This is how for example Mi Terro, after one year of research, development, and testing, presented its milk shirt and launched it on Kickstarter. To the question “What makes the Limitless Shirt so innovative?” Mi Terro replied that “The Limitless Milk Shirt is odor free, anti-bacterial, unbelievably soft, moisture wicking, wrinkle resistant, temperature regulating, and stretches in every direction to move with your body. It is truly the one shirt you can wear day in and day out, no matter the weather, occasion, or location.” (Mi Terro, Kickstarter). Of course, we all know that it is not only that. The Milk Shirts, whichever company they are from, are in fact a perfect example of a circular economy where nothing is destroyed, everything is regenerated. Materials are used effectively and sustainably in this kind of economy, where they may be repaired, recycled, and safely used repeatedly. In this case milk that otherwise would have been wasted because not suitable anymore for sales purposes finds a new life becoming yarn and then t-shirts. Dairies’ leftover food is fermented and then skimmed. The casein, which is dissolved in an alkaline solution, is still extracted after it has reached the powder state. This is once again the extraordinary process used to produce the fibers used to make the yarn that will be used to make t-shirts. 

Duedilatte also, as mentioned before, an Italian company founded in 2013, started making innovative yarns and fabrics using the protein amino acids derived from casein extracted from milk. Milk Yarn is naturally antibacterial, thermoregulatory and gives the fabric characteristics of extreme softness and silkiness which are a real pampering for the skin. Furthermore, through their research and a well-equipped development team, time and resources have been making progresses in the technological field for the sustainable textile sector, creating new innovative textile fibers starting from agri-food surpluses such as coffee and rice yarns. The Caffè Duedilatte fiber derives from the processing of carbonated coffee on a polyester basis. Coffee has always been considered an excellent product thanks to its energizing and antioxidant properties, so it is easy to understand that yarn from such an excellent product has extraordinary properties: odor control which helps to reduce washing, and thermal insulation that retains body heat so that it does not dissipate towards the outside.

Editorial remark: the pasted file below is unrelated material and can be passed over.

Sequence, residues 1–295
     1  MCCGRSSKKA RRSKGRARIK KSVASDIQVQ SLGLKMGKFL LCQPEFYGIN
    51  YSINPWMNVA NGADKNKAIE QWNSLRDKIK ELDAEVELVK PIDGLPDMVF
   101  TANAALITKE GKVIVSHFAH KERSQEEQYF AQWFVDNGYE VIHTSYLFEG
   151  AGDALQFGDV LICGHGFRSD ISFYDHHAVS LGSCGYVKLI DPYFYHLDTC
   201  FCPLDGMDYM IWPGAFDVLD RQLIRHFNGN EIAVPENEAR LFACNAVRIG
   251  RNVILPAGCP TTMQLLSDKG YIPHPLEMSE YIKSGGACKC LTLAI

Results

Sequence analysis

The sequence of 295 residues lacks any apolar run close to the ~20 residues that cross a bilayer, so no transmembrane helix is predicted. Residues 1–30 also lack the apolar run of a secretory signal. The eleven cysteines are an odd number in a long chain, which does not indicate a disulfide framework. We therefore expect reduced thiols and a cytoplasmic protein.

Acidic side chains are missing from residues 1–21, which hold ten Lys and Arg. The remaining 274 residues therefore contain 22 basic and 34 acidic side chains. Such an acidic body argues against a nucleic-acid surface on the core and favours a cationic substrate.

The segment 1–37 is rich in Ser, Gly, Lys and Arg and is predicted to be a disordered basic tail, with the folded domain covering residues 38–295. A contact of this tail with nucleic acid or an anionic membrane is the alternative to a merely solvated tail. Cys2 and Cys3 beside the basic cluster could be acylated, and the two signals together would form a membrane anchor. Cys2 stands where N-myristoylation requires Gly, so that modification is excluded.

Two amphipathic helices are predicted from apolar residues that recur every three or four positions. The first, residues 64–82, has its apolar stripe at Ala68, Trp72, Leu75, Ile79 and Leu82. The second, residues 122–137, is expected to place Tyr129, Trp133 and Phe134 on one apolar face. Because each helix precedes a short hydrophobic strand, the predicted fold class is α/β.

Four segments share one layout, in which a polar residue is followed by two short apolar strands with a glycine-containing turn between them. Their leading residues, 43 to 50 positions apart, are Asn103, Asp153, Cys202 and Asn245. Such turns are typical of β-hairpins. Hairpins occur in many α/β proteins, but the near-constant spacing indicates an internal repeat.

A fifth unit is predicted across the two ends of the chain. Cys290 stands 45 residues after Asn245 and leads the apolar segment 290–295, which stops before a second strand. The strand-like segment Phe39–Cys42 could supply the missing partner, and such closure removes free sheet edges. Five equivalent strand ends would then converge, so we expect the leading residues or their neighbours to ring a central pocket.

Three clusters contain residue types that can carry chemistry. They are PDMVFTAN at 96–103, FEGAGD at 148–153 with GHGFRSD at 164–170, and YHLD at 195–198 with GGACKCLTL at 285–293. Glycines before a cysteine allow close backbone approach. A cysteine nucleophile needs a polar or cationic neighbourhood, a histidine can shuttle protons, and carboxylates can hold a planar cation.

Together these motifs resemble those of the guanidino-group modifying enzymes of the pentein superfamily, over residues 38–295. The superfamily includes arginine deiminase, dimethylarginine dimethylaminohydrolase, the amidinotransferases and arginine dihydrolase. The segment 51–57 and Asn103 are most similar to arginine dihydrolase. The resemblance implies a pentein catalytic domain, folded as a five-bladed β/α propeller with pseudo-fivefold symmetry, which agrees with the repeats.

Luckily, filling our bathtub with drinkable milk is not anymore necessary to take advantage of the softness that the milk can give to our skin. “Approximately a liter and a half of dairy surplus”, the founder of Duedilatte explaines that this is the amount of milk that is necessary to create a t-shirt. “Silk-like texture, six times softer than cotton”, this what the Limitless Milk Shirts claim in its kickstarter webpage. Not just an extraordinary saving of resources, but also a discovery (or better a rediscovery) of an amazing product then. 

Thinking that something like thirty million tons of milk is wasted annually lets us get the importance of a product like this. Plus, there are specific collecting centers because milk is a food that needs proper disposal, and it is quite expensive to get rid of it. Why not use it then? Furthermore, considering the properties that milk can give to clothes. Encouraging progress has been made with rice and coffee too and made it look like that in the next future milk will not be the only one among many raw materials that can be used to make something new in a perfect circular economy. 






Biancamore webpage, https://www.biancamore.it/it/mobile/product/39-t-shirt-in-fibra-di-latte. Read on 06.11.2022 

Duedilatte, https://antonellabellina.wixsite.com/duedilatte Read on 17.11.2022 

Lanital, The wool made from milk, youtube video, https://www.youtube.com/watch?v=IM-hqhABezs&ab_channel=silvan500 Watched 20.11.2022 

Limitless Milk Shirt, kickstarter, https://www.kickstarter.com/projects/miterro/limitless-milk-shirt-the-first-shirt-made-from-milk. Read on 10.11.2022 

Masella, C. 2018, Il latte che si indossa è italiano e parla toscano. https://www.riciblog.it/il-latte-che-si-indossa-e-italiano-e-parla-toscano/. Read on 10.11.2022 

Mi Terro webpage, https://www.miterro.com/. Read on 10.11.2022 

Prodigus, Magliette di Latte, https://prodigus.it/articoli/food-news/magliette-di-latte. Read on 05.11.2022